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    "Andrew Lansley...you grey and manky codger!"

    There doesn't appear to be a thread on this man yet, so I thought I would start off a debate on what he's doing to the NHS...and how much opposition there is from all sectors of the nation.

    The reference above is taken from the Andrew Lansley 'rap' on Youtube. I've decided not to link it at this stage as I've got into trouble before with the moderation team on account of linking stories that have other links to, shall we say, unsuitable material for younger students...not that there's anything on the Youtube video rap that might be considered unsuitable in this manner. However, I'm just taking a responsible and cautious approach.

    So get on over to Youtube and watch the video and then come back and discuss...

    By the way...don't shoot the messenger!
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    Lansley's between a rock and a hard place at the moment as he seems to lack the backing of the Tory high command when, considering the depth of his proposals, he really needs it the most. I'm wary about the scale of the drive to contract out portions of the NHS, although many of the details mean little to me. What's telling is the widespread anger by those the changes affect, particularly GPs and other NHS front-line staff. Lansley's 'natural break in the course of the Bill' is a weak defence to the simple fact that his proposals are not sitting well with the Commons or the country. The Liberal Democrats' concerns are particularly important, given the nature of coalition government. Cameron's unwillingness to rally around Lansley suggests a climbdown, at least a partial one, when MPs return after the Easter break.
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    personally....I feel for the man....he is damned if he does, and damned if he doesn't....

    I'd say that if these "consortiums" we not just GP led, but by the entire spectrum of healthcare professionals.....then it would work and work very well.....especially since the private sector won't be able to "steal" patients away from the NHS due to the strict price regulation that will happen....so everyone will charge the same for the same procedure

    if it remains in the GP only way....its doomed to fail
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    Can someone explain the reforms? :dontknow:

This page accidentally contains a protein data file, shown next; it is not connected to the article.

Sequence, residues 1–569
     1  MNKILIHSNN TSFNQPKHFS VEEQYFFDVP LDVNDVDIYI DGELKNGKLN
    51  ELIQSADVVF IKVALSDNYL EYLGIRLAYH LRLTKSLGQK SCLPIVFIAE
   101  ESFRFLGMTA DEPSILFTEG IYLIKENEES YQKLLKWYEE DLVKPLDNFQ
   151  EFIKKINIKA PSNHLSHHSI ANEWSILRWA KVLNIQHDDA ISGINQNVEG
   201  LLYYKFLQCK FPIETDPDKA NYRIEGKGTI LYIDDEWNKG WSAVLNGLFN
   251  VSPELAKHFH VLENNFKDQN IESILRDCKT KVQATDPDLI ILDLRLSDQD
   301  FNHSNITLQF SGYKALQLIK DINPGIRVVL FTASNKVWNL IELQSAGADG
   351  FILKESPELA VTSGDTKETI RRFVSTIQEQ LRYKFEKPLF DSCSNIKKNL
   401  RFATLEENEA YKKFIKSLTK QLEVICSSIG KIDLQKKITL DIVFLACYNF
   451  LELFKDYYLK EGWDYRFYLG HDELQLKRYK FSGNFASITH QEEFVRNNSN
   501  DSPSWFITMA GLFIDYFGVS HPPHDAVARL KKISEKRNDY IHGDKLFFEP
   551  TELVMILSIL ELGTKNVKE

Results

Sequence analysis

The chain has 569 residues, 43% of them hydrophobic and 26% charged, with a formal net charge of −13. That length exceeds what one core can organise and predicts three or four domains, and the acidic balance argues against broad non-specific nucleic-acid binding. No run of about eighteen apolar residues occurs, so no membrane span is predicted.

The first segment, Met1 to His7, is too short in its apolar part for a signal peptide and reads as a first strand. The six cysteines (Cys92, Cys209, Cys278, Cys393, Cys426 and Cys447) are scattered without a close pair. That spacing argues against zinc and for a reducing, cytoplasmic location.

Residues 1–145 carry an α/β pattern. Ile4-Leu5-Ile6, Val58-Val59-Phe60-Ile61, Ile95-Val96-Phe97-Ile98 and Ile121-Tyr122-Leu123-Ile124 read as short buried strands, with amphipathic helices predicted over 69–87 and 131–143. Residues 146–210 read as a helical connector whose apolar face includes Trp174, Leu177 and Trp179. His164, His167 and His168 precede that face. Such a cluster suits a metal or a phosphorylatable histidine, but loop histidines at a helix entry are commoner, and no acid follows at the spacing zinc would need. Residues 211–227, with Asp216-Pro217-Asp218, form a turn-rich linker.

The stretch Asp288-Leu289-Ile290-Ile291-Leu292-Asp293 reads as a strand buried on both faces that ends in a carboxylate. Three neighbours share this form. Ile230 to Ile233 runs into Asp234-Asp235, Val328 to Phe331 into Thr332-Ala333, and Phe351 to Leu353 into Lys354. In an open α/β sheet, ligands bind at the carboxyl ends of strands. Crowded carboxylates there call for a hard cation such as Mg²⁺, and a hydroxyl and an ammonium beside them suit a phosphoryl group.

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    I think the whole reforms are pretty stupid.

    I have worked with GPs and to be honest, they are best suited to doing medicine and not to manage commisioning. Most don't have time or the inclination to do the day to day running of their own practices and they hire a professional manager so where they will get the time to do all the work needed to run commisioning I do not know.

    I think the most likely senario is the GPs will delegate the running of commisioning to ex PCT staff because they know what to do and have the time to do it and GPs will take the management fees and give a proportion to the ex PCT staff.

    The government could have had the same effect by making PCTs take on their executive boards GP representatives with the power to veto PCT strategy but for political reasons, they wanted GPs to be in "control". The change will cost £1.5 billion for little clinical effect.

    As to using all "qualified" providers, this sounds a good idea until you consider if say xrays were handed out to one provider and orthopaedics to another. You then have to travel from one place to get an xray and then somewhere else to get your cast fitted if you broke a bone. Anyone who has broken a bone knows its bloody painful and travelling is not high on the list.

    Private companies can also go out of business, who would step in if a private provider of maternity services for a large city went out of business? It could take months to restore services because you have to go through a bidding and selection process for new providers while patients would have to travel long distances to other cities.
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    The reforms suit the private companies. Why doesn't the Tories let the GP's do what they do best and SAVE LIVES rather than managing budgets?

    The reforms must be bad if GP's are opposed to them.
 
 
 
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